Cancer is on its way to becoming the leading cause of death all over the world. The demand for earlier and more accurate detection of cancer is now greater than ever before. The key to this challenge lies in detecting cancer cells within the tissues, and cancer cells circulating in the bloodstream. Using existing detection methods, these cancer cells remain elusive. Konica Minolta has therefore focused its research on the proteins that are characteristic of cancer cells.
We focused on the fact that, by making fluorescent materials bond chemically with the specific proteins, and then detecting the fluorescence, the presence and behaviour of cancer cells can be shown up more clearly. In other words, the elusive cancer cells are detected by lighting them up. This method can also be applied in detecting minute quantities of viruses that have invaded the body.
Highly-sensitive detection of the proteins associated with disease by using fluorescent markers presents two challenges. One is developing fluorescent materials that emit brighter fluorescence. The other is finding a more efficient way to detect the light they emit.
In 2008, Dr. Osamu Shimomura, Distinguished Invited Professor at Nagoya University, won the Nobel Prize in Chemistry for the discovery and development of the green fluorescent protein now commonly known as GFP. This marked the beginning of detection techniques using fluorescent materials, which are currently the focus of attention in the fields of medicine and life sciences. These techniques are being used in R&D on cell imaging and bioimaging.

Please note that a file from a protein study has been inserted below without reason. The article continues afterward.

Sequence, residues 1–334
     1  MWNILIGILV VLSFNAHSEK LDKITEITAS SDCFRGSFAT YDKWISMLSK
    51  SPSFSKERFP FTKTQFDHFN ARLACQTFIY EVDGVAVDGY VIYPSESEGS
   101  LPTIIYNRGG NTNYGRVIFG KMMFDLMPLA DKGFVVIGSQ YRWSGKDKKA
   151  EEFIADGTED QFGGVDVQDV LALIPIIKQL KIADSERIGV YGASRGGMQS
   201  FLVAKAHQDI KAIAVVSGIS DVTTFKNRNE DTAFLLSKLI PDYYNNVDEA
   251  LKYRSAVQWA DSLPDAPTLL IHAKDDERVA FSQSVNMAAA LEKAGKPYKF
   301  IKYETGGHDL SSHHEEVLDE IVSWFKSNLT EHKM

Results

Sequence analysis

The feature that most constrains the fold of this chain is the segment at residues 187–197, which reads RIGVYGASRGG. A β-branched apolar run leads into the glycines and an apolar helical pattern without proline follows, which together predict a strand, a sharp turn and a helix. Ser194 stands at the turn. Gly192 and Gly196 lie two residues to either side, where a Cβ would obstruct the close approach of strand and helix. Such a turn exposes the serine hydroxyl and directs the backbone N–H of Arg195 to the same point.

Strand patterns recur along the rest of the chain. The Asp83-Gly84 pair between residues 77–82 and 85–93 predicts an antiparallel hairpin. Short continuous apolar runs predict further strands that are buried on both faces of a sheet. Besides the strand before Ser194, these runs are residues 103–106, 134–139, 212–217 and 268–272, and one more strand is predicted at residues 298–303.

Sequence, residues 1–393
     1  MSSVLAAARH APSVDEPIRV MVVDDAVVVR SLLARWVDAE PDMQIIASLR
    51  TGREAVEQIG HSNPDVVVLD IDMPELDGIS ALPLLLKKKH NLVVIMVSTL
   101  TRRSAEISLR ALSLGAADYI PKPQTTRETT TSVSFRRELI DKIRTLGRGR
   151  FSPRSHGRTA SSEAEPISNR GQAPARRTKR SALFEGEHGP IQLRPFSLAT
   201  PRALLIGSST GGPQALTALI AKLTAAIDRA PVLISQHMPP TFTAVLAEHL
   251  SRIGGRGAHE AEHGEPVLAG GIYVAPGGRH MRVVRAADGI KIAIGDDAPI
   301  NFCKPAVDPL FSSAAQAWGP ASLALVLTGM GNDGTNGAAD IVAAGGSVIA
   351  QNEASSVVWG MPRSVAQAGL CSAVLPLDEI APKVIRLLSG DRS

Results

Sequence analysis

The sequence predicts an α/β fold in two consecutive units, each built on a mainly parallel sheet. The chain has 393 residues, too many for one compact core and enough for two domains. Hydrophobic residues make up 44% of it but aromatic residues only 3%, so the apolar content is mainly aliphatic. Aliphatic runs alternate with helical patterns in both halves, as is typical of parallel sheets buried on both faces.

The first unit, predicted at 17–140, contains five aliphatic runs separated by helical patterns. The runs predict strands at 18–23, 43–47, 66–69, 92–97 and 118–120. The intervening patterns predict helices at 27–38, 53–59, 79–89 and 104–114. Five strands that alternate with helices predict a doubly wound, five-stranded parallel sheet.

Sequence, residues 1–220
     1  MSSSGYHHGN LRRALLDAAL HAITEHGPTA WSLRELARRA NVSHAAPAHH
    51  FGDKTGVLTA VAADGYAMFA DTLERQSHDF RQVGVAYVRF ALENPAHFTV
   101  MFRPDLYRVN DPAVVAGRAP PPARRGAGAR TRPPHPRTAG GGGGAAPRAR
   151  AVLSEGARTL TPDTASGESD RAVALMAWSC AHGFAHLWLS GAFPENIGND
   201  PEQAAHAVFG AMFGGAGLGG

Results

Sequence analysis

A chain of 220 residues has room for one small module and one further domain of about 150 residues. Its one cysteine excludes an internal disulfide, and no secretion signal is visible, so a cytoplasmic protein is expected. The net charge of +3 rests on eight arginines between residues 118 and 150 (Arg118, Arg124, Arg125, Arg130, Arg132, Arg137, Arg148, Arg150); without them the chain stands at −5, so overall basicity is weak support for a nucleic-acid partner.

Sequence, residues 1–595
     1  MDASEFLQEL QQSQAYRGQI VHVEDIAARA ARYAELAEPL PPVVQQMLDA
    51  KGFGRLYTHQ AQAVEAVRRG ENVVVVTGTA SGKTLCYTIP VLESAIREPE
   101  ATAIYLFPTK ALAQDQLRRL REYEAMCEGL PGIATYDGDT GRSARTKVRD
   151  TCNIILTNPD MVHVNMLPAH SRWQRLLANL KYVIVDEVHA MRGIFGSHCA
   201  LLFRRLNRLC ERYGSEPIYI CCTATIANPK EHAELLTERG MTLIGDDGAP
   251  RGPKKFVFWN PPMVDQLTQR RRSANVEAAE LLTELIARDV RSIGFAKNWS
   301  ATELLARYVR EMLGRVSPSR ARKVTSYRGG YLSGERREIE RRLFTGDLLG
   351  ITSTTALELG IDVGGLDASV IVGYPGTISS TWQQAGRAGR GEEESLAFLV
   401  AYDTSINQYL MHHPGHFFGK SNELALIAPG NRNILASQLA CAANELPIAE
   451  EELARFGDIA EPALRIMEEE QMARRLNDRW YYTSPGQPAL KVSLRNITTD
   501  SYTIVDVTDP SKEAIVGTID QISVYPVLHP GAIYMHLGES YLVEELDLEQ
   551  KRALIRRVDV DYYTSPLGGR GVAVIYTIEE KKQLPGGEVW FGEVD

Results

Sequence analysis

One of these fluorescence detection techniques uses fluorescent dyes. Conventional marker techniques using fluorescent dyes are subject to two problems, the first being photobleaching, and the second, low sensitivity and low quantitative capability.
Konica Minolta addressed these problems by applying techniques used in its own silver halide particle development operations. By developing fluorescent nanoparticles emitting light in a range of colours, Konica Minolta solved the problems of photobleaching and low sensitivity. Our technology binds antibodies to high-brightness, highly-photostable fluorescent nanoparticles, so it has the potential to help to improve quantitative capability in cancer tissue diagnosis.
Konica Minolta is currently developing an immunoassay technique based on surface plasmon field-enhanced fluorescence spectroscopy (SPFS). This technique works by detecting the fluorescence signal of fluorophore markers which are held in place by an antigen-antibody reaction. These fluorophore markers are excited most efficiently by near-field light induced on the surface of a thin layer of gold. This is known as surface plasmon resonance (SPR).
To perform high-sensitivity detection, this technique relies on advanced sensing technology, combined with materials technology that creates an adequate immune reaction site. Konica Minolta's strengths lie in sensing technologies for detecting weak fluorescence, materials technologies cultivated through working with photographic materials, and technologies for manufacturing precision optics. By combining these strengths, we have made it possible to detect blood proteins with a high degree of sensitivity.